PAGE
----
I've had a liking for the Bianchi Askin's Avenger holster since I was in my young twenties in the 80's. They were very popular then. I've had ones for 1911's and Hi-Powers and HK P-7s over the past 30 years, and it's always been one of my favorite holsters for concealed carry of a semi-automatic handgun. I've even seen designs by other makers for J frames and really would like to try one out, but all of the Askins Avengers I've seen were for autos.
So sometime back I was passing through a medium-small town Texas when the GUN SHOP sign beckoned forth from the side of the road, as loud as any thunder I've ever heard. The appropriate response is to pull right over, and I did. After viewing his treasures, and wishing I had the bucks to have made a few judicious gun purchase bargains he had on hand, I did get a couple of Askins Avengers holsters in good used condition for $4 total. One is for a HK P9S 9mm and the other was for a Beretta Cheetah 92. But although I have neighter an HK P9 or a Cheetah (although I'd like one of each, in blue, thank you if anyone is looking to give El Fisho a fine firearm as a a gift), I bought them because I knew other guns I had would fit them well.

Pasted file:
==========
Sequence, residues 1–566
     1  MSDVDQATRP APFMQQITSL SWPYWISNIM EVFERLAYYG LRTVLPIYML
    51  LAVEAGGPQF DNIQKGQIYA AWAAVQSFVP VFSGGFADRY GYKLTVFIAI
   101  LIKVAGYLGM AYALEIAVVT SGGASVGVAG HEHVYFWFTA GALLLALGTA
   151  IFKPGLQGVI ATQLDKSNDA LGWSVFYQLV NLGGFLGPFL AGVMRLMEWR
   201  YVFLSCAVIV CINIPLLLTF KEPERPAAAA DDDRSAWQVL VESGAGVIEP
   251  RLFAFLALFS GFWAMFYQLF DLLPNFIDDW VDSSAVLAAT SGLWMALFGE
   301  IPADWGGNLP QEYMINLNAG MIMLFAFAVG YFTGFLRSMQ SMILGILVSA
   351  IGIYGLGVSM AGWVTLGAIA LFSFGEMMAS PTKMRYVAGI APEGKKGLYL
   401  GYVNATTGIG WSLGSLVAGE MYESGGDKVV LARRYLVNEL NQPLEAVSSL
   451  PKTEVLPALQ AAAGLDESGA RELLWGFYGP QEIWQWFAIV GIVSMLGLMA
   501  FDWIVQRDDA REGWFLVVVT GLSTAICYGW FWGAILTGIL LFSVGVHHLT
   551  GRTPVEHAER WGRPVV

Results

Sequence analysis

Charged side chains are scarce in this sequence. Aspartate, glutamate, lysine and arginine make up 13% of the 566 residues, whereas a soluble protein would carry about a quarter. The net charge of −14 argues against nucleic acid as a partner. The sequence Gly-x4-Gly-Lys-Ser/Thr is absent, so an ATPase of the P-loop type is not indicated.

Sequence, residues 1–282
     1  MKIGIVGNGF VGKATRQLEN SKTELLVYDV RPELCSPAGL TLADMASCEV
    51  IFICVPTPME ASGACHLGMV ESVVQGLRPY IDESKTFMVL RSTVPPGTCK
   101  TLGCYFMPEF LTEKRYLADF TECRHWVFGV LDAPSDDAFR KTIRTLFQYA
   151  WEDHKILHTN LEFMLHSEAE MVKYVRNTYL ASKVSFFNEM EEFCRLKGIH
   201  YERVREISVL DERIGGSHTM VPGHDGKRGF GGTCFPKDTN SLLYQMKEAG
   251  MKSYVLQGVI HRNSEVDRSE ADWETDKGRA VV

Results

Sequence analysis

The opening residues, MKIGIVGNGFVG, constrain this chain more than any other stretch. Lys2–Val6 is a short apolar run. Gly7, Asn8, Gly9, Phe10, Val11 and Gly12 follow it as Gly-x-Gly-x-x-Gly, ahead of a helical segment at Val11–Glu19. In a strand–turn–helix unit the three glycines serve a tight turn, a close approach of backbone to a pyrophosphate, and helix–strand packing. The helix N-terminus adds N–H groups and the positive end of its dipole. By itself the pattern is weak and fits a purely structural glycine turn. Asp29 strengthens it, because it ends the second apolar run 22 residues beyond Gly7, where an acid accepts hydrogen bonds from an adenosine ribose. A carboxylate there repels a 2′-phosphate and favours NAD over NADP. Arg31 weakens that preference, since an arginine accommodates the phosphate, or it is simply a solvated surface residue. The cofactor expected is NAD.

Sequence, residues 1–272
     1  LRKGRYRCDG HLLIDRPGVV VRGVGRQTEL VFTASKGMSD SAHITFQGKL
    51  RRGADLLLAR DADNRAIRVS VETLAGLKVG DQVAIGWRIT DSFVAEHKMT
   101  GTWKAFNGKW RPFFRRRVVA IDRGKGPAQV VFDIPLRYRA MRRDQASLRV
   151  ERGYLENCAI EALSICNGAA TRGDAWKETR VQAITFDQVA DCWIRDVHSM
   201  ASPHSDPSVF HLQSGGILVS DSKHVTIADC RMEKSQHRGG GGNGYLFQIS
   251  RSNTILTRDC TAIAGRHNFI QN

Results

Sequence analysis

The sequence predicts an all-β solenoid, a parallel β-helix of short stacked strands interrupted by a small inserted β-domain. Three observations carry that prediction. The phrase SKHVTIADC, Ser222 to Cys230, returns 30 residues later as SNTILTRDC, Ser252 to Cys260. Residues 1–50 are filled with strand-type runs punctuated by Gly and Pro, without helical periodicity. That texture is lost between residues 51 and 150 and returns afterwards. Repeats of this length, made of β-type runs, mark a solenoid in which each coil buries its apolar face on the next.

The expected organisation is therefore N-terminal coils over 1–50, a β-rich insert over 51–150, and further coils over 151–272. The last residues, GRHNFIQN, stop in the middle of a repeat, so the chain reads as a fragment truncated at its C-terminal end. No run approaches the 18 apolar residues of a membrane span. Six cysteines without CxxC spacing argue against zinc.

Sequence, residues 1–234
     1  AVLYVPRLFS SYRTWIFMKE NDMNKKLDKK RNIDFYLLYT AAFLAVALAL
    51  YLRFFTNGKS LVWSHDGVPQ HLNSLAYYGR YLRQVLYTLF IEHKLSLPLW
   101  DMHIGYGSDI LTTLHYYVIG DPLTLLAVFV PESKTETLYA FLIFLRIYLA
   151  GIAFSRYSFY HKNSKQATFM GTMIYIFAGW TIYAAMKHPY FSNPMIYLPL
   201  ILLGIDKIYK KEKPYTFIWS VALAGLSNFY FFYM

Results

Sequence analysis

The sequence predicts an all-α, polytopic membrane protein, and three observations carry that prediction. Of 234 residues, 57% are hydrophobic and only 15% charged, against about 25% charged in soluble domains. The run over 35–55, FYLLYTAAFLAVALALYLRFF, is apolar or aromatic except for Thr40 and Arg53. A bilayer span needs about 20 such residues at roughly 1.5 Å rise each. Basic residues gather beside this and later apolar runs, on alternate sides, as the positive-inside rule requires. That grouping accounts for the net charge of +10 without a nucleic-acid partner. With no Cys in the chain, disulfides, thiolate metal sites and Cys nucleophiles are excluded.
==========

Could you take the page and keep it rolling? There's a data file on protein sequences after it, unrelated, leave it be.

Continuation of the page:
But instead of using the larger P9 holster for a more similar gun, I've decided to "Frankenstein" it, and in fact finished part one of the project today. I'm wearing right now, as the commercials used to say, and it's working well with my Glock 36.
I selectively removed some threads from behind the seams of the trigger guard until finally I found the perfect fit, gently prying away the leather and thread also on the interior of the holster with a wide blade screwdriver, then carefully cutting a few threads with a very sharp knife.
The holster now fits the gun fine. I'll assess where I need to bulk up stitching, take a stitch wheel and make a line of reinforcing stitches and then a dremel mini-drill cleaning drills holes as small as any commercial sewing machine can drill. You then stitch it up with an awl or as I prefer, with dual s-shaped needles for a saddle stitch, or my poor interpretation of a saddle stitch.
I may actually leave this work to a professional this time, although I have all the gear to do it and have made numerous simple holsters and a couple of askins clones, as well having modified older holsters to fit new guns and needs and repaired a bunch of holsters of mine, my father, his freinds and my friends.
I've modified more than one old holster to fit another gun. One project in the 90's was making an Askins Avenger P7 holster fit a Colt Commander. Simple matter. Simply remove the inner thread support in the area of the bottom of the trigger guard and it's a perfect fit. Leave the second row of stitching intact, removing on the row closest to the triggerguard. I carried that holster with a lightweight Commander for nearly 10 years.